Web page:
“The distributed nature of the overall cooling system provides higher availability, unlike a chilled water system with the ‘bottle neck’ of a secondary circuit pumping arrangement, which can provide an effective single point of failure, even if seemingly concurrently maintainable or fault tolerant designs are implemented. 

    “The IEC design chosen not only reduces the power overhead of the data centre, it removes the complex compressors and components that often cause traditional designs to have increased downtime on plant, which can reduce redundancy or even cause outages. This design ensures the correct environment to provide operators and customers ongoing IT services to the highest levels,” Thibault explains.

    He points out that implementing ASHRAE ‘recommended’ conditions reduces the opportunities for electronic systems failure. 

    Redundancy and risk

    The Uptime Institute’s research shows that 22% of those with a 2N architecture (cooling and power) had an outage in the past year, while those with an N+1 architecture did not fare so well: 33% had an outage in the past year. 

    Uptime Institute’s Rhonda Ascierto says that this data may change in the future as N+1 systems are becoming more sophisticated, aided by management software. 

    Gerard Thibault comments: “If you reduce the amount of redundant UPS equipment, then the ‘risk’ of non-available systems will increase.

    “However, if managed correctly by the human and perhaps AI interface, there is no reason why there should be such a drastic increase in downtime, as indicated in the Uptime Institute Global Survey.” 

    Thibault advises that an understanding, not only of the IT equipment requirements but also of the electrical systems’ dynamics, is required to implement an efficient back-up electrical supply system. 

    An effective approach, according to Thibault, involves adopting a distributed redundant UPS technology to minimise common mode events on availability. 

    “Opting for a ‘three to make two’ architecture, can provide the benefits of a 25% reduction in plant provision but can offer 2N power distribution right to the IT rack,” says Thibault. 

    However, he adds that it is not unheard of for electrical systems designers to take the reduction in redundant capacity to extremes. 

    “Systems based on an ‘eight to make seven’ architecture certainly save money in UPS plant terms… but this increases risk and can even increase deployment costs due to the multiple interlaced low voltage distribution paths required.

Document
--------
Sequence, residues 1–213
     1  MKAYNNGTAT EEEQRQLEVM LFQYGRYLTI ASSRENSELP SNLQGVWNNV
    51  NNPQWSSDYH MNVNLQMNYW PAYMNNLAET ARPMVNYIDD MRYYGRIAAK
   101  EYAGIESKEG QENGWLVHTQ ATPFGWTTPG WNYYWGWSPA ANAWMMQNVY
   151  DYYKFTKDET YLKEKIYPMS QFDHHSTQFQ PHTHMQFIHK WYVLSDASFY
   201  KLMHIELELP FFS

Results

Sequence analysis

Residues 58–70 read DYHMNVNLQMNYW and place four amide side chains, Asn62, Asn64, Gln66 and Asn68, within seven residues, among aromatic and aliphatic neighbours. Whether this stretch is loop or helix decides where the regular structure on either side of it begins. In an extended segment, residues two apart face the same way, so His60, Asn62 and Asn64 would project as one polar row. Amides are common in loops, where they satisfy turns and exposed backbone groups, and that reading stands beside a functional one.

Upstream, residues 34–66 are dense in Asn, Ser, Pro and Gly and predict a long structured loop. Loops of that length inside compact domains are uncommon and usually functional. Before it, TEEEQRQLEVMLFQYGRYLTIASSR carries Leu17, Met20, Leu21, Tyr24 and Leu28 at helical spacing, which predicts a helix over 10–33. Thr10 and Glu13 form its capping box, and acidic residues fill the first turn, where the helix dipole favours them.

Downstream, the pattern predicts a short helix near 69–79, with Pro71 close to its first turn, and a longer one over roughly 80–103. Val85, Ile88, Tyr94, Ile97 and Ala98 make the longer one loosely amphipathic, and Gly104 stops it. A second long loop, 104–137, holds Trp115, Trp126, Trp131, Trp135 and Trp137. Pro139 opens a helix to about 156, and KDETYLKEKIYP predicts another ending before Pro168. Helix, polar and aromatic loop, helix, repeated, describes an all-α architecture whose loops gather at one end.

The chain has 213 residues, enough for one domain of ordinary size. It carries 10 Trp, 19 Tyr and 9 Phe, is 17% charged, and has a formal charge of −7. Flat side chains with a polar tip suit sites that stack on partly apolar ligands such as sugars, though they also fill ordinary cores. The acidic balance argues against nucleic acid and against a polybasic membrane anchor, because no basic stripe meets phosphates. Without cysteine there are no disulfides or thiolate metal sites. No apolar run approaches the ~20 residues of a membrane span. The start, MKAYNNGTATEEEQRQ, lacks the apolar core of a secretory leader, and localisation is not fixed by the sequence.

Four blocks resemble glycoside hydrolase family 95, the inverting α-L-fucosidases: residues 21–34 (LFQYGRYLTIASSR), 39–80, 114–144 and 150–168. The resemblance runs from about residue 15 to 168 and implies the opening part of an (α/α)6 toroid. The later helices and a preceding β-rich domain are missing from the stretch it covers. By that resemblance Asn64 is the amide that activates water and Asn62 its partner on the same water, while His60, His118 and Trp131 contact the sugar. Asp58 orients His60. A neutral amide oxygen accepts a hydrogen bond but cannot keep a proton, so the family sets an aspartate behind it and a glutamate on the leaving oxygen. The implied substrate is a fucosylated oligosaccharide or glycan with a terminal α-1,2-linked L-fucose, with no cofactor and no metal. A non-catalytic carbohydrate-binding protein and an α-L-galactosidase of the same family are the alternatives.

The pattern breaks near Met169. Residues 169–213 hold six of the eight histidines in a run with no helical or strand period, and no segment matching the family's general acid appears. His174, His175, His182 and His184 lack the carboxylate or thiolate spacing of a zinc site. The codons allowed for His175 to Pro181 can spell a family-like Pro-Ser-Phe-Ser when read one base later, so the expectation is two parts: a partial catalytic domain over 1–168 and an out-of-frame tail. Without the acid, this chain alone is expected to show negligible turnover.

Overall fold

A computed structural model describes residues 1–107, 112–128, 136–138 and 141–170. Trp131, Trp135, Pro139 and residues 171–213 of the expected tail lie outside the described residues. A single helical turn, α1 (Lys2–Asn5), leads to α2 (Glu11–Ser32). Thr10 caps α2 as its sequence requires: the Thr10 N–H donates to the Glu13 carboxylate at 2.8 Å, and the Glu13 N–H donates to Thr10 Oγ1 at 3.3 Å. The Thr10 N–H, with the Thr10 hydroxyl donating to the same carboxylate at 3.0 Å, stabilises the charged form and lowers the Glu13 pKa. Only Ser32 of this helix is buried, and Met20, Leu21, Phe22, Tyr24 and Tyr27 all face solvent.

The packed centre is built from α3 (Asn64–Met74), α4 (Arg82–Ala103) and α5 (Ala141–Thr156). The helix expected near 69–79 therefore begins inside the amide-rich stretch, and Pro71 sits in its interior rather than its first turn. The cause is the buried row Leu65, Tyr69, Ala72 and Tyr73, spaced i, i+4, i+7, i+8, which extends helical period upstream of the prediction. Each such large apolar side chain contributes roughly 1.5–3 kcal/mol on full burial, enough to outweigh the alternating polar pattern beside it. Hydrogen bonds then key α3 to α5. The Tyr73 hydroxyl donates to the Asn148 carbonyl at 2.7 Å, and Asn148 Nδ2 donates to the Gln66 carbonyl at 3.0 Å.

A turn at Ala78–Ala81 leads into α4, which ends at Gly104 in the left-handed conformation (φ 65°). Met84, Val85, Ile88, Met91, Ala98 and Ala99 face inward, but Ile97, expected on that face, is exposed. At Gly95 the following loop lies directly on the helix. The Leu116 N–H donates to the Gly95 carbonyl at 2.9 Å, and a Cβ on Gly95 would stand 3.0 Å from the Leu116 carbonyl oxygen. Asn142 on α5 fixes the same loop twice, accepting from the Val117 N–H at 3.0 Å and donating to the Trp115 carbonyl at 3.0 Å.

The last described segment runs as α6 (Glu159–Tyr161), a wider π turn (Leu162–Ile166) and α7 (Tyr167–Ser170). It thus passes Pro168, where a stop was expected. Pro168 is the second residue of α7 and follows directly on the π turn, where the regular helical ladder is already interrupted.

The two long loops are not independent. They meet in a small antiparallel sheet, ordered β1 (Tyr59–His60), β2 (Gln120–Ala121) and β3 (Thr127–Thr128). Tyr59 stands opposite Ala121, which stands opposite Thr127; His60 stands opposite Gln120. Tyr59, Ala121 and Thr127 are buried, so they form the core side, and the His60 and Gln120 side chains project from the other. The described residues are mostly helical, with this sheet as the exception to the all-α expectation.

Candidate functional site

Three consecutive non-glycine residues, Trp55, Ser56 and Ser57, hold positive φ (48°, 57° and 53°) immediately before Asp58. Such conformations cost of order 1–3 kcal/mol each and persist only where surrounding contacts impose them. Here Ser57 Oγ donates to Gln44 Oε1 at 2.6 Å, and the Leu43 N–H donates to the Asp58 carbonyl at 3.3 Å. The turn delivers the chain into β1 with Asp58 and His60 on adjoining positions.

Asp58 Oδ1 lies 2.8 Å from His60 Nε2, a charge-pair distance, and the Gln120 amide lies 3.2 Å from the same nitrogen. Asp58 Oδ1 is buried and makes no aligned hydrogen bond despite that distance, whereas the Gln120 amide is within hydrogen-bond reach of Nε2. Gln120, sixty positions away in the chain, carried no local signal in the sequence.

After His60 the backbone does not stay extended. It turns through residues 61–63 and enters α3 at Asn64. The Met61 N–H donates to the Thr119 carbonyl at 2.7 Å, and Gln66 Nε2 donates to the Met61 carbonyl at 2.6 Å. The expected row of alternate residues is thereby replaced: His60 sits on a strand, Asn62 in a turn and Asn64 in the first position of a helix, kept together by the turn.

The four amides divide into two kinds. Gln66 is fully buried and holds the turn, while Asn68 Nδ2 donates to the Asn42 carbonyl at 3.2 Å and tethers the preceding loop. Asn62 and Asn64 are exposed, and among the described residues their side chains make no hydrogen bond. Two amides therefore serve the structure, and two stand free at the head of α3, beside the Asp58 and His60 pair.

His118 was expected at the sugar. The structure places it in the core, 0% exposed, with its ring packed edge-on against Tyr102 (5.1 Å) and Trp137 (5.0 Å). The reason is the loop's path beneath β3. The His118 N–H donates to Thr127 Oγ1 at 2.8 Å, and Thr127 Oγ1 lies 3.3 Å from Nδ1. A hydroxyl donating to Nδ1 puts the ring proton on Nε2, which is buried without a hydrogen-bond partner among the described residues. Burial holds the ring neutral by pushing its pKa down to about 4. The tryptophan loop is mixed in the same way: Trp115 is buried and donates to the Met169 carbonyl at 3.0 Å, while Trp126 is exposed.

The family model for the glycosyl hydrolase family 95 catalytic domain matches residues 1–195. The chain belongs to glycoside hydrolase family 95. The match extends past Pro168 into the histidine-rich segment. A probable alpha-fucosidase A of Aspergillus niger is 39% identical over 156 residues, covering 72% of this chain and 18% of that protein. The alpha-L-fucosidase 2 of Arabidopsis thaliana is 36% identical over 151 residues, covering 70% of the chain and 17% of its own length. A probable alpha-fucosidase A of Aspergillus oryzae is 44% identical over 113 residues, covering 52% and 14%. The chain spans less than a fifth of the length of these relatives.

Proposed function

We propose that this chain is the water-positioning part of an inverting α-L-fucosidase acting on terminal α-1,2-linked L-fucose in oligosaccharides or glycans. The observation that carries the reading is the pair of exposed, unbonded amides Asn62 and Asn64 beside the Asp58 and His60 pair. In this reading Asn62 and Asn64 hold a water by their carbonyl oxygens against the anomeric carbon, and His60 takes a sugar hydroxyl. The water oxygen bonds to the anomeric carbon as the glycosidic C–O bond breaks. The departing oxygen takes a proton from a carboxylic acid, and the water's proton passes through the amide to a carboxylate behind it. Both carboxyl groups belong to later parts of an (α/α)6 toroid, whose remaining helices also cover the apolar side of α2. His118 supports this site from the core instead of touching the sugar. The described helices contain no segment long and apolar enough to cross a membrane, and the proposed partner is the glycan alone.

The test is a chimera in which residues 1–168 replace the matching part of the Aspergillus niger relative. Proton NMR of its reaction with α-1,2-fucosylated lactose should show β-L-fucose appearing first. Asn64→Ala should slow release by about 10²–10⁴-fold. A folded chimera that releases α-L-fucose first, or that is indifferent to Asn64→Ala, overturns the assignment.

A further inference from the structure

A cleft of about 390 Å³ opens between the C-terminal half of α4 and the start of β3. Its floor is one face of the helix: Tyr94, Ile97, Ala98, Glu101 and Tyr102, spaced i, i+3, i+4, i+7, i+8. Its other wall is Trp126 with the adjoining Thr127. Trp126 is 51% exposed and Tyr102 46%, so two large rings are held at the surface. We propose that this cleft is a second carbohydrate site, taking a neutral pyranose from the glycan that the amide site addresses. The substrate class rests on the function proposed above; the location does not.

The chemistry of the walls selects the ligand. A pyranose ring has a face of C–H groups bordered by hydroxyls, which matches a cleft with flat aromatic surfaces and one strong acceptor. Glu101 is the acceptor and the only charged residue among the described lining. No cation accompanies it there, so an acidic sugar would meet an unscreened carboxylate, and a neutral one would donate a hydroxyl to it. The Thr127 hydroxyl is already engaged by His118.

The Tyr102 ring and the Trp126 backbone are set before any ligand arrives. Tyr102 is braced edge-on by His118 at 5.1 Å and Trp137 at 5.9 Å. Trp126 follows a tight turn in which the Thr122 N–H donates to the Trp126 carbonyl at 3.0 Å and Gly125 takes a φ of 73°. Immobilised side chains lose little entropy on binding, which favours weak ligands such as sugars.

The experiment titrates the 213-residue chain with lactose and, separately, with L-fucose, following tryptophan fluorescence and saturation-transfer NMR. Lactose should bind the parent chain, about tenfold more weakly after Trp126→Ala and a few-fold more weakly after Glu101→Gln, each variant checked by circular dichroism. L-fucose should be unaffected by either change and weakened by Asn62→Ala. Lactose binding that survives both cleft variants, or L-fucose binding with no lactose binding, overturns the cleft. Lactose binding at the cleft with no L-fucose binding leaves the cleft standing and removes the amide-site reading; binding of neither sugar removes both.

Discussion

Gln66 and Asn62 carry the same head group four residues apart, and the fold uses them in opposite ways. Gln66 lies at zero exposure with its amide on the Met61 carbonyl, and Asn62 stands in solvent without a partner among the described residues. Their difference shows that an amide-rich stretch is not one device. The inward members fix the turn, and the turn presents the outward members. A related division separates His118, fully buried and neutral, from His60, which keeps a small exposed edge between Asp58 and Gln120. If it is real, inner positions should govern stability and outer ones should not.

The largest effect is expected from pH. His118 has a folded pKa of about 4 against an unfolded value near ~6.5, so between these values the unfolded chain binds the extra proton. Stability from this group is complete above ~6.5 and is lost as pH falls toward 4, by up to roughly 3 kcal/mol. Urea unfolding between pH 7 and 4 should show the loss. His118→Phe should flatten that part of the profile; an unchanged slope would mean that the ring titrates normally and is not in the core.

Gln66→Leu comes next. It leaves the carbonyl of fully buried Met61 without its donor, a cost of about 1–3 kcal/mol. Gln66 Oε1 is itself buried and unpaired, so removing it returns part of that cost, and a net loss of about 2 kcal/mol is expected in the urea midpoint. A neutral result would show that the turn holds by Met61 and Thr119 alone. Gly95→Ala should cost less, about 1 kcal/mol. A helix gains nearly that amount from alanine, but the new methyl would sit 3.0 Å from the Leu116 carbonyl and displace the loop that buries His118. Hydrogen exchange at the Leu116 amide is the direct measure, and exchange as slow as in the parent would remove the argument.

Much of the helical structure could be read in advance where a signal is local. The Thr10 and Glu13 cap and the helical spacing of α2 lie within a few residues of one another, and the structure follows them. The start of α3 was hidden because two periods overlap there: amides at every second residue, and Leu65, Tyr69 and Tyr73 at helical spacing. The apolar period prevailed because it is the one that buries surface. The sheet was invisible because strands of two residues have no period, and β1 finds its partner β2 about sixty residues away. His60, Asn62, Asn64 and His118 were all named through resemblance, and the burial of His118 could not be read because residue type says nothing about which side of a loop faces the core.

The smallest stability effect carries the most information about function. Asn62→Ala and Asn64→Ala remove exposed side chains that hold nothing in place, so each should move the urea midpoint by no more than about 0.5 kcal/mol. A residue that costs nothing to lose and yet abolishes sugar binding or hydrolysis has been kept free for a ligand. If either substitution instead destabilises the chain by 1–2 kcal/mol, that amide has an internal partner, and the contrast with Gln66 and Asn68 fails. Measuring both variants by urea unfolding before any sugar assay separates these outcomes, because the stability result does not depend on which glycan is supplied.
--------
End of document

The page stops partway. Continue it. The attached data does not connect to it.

“Clearly, having only 12.5% redundant equipment capacity compared to 50% will have an effect on the economics of the system; but, more importantly, in the view of Kao Data, the human challenge of monitoring eight UPS systems and considering all failure load transfer scenarios makes system management more complex,” Thibault explains.

    The critical element is system management, in his view. UPS monitoring across all outputs, and each unit in the system, as well as across all power phases, guarantees that overloads are far less likely to occur during either normal operation and failure scenarios. 

    “Without load management, cascade failures are more likely to happen. It is those scenarios that increase recovery problems, as the event sequence is difficult to trace without having expensive SCADA to monitor the systems,” Thibault continues.

    He highlights the market trend for ‘load bursting’, where customers overuse their power allocation, which generally relies on operators using system diversity. 

    “If this process is used, operators must anticipate that, when uncoordinated bursts of power consumption collide, this will initiate overloads and outages will occur. This points towards the ‘traditional’ data centre design strategy of incorporating ‘safety margins’ to provide some comfort level. However, the result is ultimately increased capital costs per kW,” says Thibault.

    He adds that flexibility is also a key factor in implementing processes and systems that reduce the probability of failures and outages. Hybrid IT solutions with different power density requirements within one environment (1.5-30kW racks) require infrastructure solutions to match the criticality of each IT layer. 

    “One route is to offer multiple levels of redundancy on the electrical architecture, with even the possibility of mixed resilience levels within an IT technology suite. We believe this provides energy efficient and fault-tolerant systems,” comments Thibault.

    Performance regulation?

    The data centre continues to increase in importance as the digital economy grows and is a major influence on business as well as our daily lives. As such, Thibault believes that the data centre industry must move towards some form of performance regulation.

    “Certification to ‘standards’, such as Uptime Institute’s Tier models, TIA 942 and BICSI, is a start; but a more uniform and either industry led or government supported system of regulation is critical in ‘guaranteeing’ IT system performance going forward,” comments Thibault. 

    He believes that standardisation, through initiatives such as the OCP, could help drive more reliable applications and systems, reduce costs and increase compliance in the data centre sector. In the long term, this will offer more consistent results across the market. 

    The future

    The challenges around managing resilience are set to increase further, according to the Uptime Institute. 

    An anticipated build out of new edge computing capacity will add a new layer of complexity in the years ahead, while the ongoing move to hybrid IT is already creating technology, organisational and management complexity. Operators say they are not confident in their organisation’s ability to compare risk/performance across their on-premises, colocation and Cloud facilities.

    The Uptime Institute warns that outages will increasingly create cascading failures across multiple sites and services. One area for improvement is assigning ownership of the issue: only about half of respondents (49%) have a single department head or executive who is charged with resiliency across their various on-premises, Cloud and colocation assets. 

    Against this back-drop, data centre skill shortages will also intensify and this remains a major threat to the industry. Ultimately, while effective management of data centre infrastructure will be key to building resilience, the human element, known to be a leading factor in outages, must not be underestimated.